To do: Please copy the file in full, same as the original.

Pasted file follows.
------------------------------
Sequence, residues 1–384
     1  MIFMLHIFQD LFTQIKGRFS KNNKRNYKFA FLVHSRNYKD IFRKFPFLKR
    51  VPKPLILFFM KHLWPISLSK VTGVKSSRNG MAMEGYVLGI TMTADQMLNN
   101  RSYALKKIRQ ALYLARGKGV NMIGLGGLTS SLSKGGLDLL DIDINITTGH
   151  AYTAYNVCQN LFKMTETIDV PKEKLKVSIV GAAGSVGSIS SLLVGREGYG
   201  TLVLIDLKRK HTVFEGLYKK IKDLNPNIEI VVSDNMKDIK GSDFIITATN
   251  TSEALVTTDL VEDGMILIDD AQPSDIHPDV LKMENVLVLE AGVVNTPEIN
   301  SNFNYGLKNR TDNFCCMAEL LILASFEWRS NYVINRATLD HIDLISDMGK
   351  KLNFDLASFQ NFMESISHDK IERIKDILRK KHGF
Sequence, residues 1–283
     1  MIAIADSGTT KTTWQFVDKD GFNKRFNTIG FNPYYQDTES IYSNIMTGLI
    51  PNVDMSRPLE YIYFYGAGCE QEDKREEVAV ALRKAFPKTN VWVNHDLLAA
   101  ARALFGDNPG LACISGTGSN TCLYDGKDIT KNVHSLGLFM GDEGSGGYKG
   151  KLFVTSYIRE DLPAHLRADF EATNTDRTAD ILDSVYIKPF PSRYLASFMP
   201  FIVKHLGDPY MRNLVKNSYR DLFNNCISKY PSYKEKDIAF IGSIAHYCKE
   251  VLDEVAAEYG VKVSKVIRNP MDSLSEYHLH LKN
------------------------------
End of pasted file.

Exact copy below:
Sequence, residues 1–384
     1  MIFMLHIFQD LFTQIKGRFS KNNKRNYKFA FLVHSRNYKD IFRKFPFLKR
    51  VPKPLILFFM KHLWPISLSK VTGVKSSRNG MAMEGYVLGI TMTADQMLNN
   101  RSYALKKIRQ ALYLARGKGV NMIGLGGLTS SLSKGGLDLL DIDINITTGH
   151  AYTAYNVCQN LFKMTETIDV PKEKLKVSIV GAAGSVGSIS SLLVGREGYG
   201  TLVLIDLKRK HTVFEGLYKK IKDLNPNIEI VVSDNMKDIK GSDFIITATN
   251  TSEALVTTDL VEDGMILIDD AQPSDIHPDV LKMENVLVLE AGVVNTPEIN
   301  SNFNYGLKNR TDNFCCMAEL LILASFEWRS NYVINRATLD HIDLISDMGK
   351  KLNFDLASFQ NFMESISHDK IERIKDILRK KHGF
Sequence, residues 1–283
     1  MIAIADSGTT KTTWQFVDKD GFNKRFNTIG FNPYYQDTES IYSNIMTGLI
    51  PNVDMSRPLE YIYFYGAGCE QEDKREEVAV ALRKAFPKTN VWVNHDLLAA
   101  ARALFGDNPG LACISGTGSN TCLYDGKDIT KNVHSLGLFM GDEGSGGYKG
   151  KLFVTSYIRE DLPAHLRADF EATNTDRTAD ILDSVYIKPF PSRYLASFMP
   201  FIVKHLGDPY MRNLVKNSYR DLFNNCISKY PSYKEKDIAF IGSIAHYCKE
   251  VLDEVAAEYG VKVSKVIRNP MDSLSEYHLH LKN